Most of us are aware that cameras are used throughout the nation - mostly in larger cities - to reduce red-light running. In fact, more than 500 communities currently use red-light cameras.
Speed cameras have been catching on in the U.S. as well, though they aren't as widespread as red light cameras. A total of 129 communities operate speed camera programs in the U.S., according to information from the Insurance Institute for Highway Safety.
Although automated enforcement is often considered controversial, thanks to a vocal minority who oppose it, surveys show support for the programs. A recent IIHS survey of residents in Washington, D.C. found that three-quarters support speed cameras, and nearly 9 in 10 support red light cameras.
Information from the August, 2013, edition of the IIHS's "Status Report" had an interesting article about the increased use of cameras for speed control in France.
France began blanketing the nation's road network with speed cameras after then-President Jacques Chirac declared a "fight against road violence," and the program has grown steadily since then. By 2010, France had more than 2,750 cameras in use for speed control. About two-thirds of the cameras are in fixed locations and are accompanied by warning signs. The rest are mobile.
The study of France's speed camera program found that the July 2002 announcement of the initiative, which was widely covered in the media and included not only the introduction of cameras but also increased penalties for traffic violations and the creation of new traffic offenses, was associated with a 12 percent drop in the fatality rate. When the cameras became operational, there was an additional reduction of 10 percent, and that effect persisted over time. This is extremely significant in the effort to reduce speeding in general and speed-related crashes, injuries, and fatalities.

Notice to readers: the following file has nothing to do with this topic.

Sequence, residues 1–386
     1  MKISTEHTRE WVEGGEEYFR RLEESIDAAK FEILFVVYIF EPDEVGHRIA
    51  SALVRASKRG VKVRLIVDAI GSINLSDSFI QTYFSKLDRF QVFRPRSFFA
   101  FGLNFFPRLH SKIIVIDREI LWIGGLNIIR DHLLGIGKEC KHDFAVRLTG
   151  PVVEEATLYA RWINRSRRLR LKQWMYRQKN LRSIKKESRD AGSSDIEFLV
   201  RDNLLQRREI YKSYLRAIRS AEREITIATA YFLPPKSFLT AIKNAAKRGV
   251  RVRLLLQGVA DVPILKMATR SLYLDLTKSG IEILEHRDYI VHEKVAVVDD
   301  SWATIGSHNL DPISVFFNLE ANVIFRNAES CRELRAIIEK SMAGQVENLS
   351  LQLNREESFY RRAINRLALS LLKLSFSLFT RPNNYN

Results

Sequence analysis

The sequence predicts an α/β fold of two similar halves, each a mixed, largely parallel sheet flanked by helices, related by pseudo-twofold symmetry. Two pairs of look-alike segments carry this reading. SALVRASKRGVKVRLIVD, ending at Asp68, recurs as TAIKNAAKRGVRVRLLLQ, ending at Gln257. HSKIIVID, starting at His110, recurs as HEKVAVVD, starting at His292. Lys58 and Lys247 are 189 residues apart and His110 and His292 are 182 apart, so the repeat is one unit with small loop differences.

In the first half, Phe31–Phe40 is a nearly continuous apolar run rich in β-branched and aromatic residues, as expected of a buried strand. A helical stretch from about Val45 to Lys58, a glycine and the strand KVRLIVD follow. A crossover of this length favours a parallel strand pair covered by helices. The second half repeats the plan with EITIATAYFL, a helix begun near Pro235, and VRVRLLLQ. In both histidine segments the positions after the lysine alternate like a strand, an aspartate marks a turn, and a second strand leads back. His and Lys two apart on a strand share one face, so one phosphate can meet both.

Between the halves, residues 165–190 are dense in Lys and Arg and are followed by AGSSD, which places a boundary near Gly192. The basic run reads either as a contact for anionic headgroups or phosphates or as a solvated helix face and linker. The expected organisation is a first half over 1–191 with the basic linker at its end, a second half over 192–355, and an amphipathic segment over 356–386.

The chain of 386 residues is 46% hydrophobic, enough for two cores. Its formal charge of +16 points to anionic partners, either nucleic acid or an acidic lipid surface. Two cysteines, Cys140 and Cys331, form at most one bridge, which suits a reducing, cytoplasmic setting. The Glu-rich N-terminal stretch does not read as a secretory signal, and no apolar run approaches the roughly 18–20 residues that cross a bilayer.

The interesting thing to me is that most every driver complains about other drivers speeding, and how dangerous it is that they do so. Yet, I haven't met a driver yet, including myself, that doesn't speed sometimes.
So, now that you have read about the very successful use of speed cameras in France, and how it has significantly reduced fatalities, injuries and speeding in general, do you think we in the U.S. should increase the utilization of this safety tool or do you believe this would be an excessive use of enforcement? Give me a quick email at firstname.lastname@example.org with your opinion. If I receive enough responses, I'll reveal the results in a future "Did You Know" article.
For more articles on traffic law and safety, go to the traffic safety board's website at: www.franklincony.org and click on "Traffic Safety Board" under departments then look for Did You Know articles under "services."